“Do you have a bag of guns for every world?” Leah asked.
“Of course not. No guns in Fantasyland,” he said, not missing a beat.
“But you should see his collection of wands and staves,” King said. “I want takeoff in ten. Roman, you and the newbie on walk-around.”
This part, at least, she knew. Roman went to stow his bag of guns and supplies, so Leah started her checks for hull damage or anything else that might cause minor to catastrophic failures during their cross-dimensional flight between Earth Prime and the story world.
She’d done the walk-around as they left Western world, so she knew ostensibly what to look for, but it didn’t stop her from starting over and doing another complete circuit when Roman thundered down the hatch stairs to do his own inspection.
“How do I tell the difference between a scuff and a mark that could become a tear or gash or another we’re-all-going-to-die kind of thing?”
“Scuffs will buff off. Plus, we don’t usually scuff. Dimensional turbulence dents and bends more than scuffs. We keep the ships clean, so you should be able to spot any we’re-all-going-to-die things pretty easily.”
Leah scanned the ship’s hull. “This looks good. Anything I missed?”
“Nope. I’ll check the circuitry here, and we’ll be good for preflight. Ninety-nine times out of a hundred, this walk-around is just for show.”
“But nobody wants to be time number one hundred.”
Roman tapped his nose. “Especially if King’s around. We’ve got time, so you can change into your off-world gear now. We’ll arrive within sight of Ahura-3, though they use audio comms. Protocol says we all have to be in field gear when we launch.”
Leah turned to start dashing, ten minutes being nowhere near enough time to walk to the wardrobe room, find clothes that fit, change, and get back to the launch.
But once again, Shirin proved to be a little bit psychic. Crossing the hangar floor in an ankle-length maroon-and-yellow robe-dress-thing, she held up a black-and-silver duffel bag for Leah. “Dressing corner there,” she said, thumbing at a corner that had a tri-folding screen and a stool.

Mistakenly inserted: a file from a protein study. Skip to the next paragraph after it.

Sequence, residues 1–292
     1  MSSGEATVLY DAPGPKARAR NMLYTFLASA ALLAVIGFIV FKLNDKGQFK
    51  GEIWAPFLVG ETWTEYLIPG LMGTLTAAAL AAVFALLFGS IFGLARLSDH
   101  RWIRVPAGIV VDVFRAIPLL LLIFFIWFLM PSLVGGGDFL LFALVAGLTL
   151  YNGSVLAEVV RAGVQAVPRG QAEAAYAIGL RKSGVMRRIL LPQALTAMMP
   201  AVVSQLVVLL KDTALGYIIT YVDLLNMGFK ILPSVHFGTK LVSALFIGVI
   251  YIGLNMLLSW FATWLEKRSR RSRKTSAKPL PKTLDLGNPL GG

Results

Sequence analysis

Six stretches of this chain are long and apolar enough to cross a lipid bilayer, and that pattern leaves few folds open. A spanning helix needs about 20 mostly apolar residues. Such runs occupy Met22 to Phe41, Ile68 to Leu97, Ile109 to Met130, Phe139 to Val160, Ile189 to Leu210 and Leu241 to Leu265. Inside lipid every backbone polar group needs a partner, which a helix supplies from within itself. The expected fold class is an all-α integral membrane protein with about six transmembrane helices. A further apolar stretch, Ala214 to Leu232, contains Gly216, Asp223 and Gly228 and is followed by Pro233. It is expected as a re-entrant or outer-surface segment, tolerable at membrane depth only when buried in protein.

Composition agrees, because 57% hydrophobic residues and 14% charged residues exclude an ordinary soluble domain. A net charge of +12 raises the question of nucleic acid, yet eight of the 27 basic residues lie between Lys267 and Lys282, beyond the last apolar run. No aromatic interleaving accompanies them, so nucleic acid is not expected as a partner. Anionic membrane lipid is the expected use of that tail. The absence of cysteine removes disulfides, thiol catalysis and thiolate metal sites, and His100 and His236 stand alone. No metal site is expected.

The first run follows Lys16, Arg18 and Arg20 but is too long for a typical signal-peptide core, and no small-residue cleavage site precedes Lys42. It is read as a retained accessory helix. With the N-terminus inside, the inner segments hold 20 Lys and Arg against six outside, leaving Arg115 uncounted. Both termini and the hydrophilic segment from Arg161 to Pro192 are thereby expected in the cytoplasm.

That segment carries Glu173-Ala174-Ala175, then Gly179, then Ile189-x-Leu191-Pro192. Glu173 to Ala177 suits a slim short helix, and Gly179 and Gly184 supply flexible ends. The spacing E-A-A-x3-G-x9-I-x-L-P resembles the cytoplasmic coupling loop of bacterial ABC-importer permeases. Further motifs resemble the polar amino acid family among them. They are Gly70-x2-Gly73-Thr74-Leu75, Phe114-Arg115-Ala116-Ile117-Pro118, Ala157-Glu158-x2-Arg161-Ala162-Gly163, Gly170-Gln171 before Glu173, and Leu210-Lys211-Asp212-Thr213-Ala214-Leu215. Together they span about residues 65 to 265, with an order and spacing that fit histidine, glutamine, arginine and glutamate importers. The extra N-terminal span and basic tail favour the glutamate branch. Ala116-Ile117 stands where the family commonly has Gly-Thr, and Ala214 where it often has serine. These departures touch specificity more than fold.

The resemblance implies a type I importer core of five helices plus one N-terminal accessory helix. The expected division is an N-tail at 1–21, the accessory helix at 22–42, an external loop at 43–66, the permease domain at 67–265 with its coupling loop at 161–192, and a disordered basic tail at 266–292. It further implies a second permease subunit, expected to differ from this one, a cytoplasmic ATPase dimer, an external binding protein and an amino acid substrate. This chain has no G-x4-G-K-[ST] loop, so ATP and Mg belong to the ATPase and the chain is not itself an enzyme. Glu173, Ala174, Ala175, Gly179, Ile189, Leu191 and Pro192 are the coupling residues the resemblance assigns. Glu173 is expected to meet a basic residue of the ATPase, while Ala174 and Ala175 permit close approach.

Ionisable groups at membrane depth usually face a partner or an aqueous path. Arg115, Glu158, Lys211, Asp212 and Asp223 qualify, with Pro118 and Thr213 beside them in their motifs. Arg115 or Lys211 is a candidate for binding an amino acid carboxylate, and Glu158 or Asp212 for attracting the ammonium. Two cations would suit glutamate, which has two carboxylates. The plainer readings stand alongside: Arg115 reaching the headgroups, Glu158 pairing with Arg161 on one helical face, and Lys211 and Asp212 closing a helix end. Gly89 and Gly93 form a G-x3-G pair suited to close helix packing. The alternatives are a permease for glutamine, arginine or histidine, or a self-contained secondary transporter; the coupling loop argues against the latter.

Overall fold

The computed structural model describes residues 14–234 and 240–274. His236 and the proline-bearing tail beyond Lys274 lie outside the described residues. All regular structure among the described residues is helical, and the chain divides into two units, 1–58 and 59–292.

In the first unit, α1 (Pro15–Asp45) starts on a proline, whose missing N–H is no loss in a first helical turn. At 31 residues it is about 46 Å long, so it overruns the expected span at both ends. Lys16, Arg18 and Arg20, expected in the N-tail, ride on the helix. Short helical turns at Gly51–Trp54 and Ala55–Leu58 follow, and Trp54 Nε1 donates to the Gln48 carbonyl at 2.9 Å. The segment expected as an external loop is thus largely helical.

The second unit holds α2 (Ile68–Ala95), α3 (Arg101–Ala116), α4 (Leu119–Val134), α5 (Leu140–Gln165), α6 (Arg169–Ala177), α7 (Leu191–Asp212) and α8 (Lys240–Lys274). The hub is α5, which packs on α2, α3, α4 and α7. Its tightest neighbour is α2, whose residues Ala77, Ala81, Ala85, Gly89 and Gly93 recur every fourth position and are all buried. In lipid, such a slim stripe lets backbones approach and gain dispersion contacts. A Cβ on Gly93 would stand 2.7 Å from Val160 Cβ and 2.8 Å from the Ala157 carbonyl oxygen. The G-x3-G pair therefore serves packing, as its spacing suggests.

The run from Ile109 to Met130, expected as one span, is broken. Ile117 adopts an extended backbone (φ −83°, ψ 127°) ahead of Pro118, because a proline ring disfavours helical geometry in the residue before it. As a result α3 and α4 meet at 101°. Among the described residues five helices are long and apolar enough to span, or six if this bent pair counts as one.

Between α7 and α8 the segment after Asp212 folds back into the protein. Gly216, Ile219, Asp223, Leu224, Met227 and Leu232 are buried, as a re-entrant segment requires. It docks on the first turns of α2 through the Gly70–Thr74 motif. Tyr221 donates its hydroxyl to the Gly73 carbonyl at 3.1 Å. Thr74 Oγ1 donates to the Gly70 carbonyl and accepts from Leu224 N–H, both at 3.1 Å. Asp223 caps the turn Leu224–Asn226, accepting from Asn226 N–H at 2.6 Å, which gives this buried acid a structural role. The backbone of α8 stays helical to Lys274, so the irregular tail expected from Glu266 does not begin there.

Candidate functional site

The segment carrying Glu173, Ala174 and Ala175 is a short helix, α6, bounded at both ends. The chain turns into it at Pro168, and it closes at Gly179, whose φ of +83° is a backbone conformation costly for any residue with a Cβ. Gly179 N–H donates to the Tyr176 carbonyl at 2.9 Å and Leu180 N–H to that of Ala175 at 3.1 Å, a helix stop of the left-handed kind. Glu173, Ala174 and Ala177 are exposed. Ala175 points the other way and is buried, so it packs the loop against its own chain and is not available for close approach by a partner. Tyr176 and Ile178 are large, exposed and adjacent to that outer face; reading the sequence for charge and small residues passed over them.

“Quick changes don’t have to be fancy, but they do have to be done. Two minutes.”
Leah hustled over, pulling the curtain across the floor behind her as she shrugged her sweater off. While in HQ, all field agents were required to wear VDUs, Versatile Dress Units—aka underwear that could pass in any number of worlds. VDUs didn’t apply to all worlds, but eight out of ten wasn’t bad, and SF world was one of the eight.
Leah zipped open the bag and pulled out the first item, a black underskirt. She swapped out her jeans for the skirt, and then drew out the expected big damn Science Fiction dress-robe hybrid, similar to Shirin’s, but emerald green and less fancy. The bag also had a variety of jewelry—anklets and bracelets and earrings—which would have to wait until they got on-world. No way was she going to try to put on earrings during dimensional chop. Four holes per ear were enough.
That was another thing she missed. Regs meant that she was only allowed the “normal” stud earrings, which meant her other earrings and bar had to stay at home.
Unless SF world turned out to involve Bajoran levels of ear-bling.
She stuffed her Earth Prime clothes in the duffel and then jogged across the hangar floor to climb into the ship. She stowed her bag in one of the airline-esque locked-and-secured box cubbies, and then climbed up the rungs along the side of the ship and slid into her seat to buckle the X-straps that would keep her roughly in place even if they ran into more dimensional chop.
“Not bad, Probie. But next time, finish the job,” Shirin said, pointing to her own resplendently adorned ears. “And when we get there, there will be makeup.”
“It’s the future! Haven’t they outlawed makeup already?”
Shirin shook her head. “It’s the only way Xenei can tell human women apart, unfortunately.”
“Well, that sounds horrible and rife for abuse,” Leah mused.
King climbed into the ship. “Hasn’t even touched down, and Probie already plotting to abuse Xenei? I knew you were a quick study, but this is above the call of duty. Keep this up and you’ll make the rest of the team look bad.” King closed the hatch and spun the wheel tight. “Preflight?”